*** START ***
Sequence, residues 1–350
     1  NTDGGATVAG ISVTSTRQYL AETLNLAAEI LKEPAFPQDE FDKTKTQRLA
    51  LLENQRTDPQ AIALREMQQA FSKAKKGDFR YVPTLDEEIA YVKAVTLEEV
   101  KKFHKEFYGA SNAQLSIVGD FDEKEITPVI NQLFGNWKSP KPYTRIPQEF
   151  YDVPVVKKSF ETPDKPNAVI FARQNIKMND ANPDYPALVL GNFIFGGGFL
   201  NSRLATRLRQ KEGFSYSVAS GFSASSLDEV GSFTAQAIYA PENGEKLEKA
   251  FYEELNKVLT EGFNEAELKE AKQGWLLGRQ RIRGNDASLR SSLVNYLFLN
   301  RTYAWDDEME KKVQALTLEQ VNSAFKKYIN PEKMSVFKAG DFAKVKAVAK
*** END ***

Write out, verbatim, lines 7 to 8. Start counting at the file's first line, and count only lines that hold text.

   251  FYEELNKVLT EGFNEAELKE AKQGWLLGRQ RIRGNDASLR SSLVNYLFLN
   301  RTYAWDDEME KKVQALTLEQ VNSAFKKYIN PEKMSVFKAG DFAKVKAVAK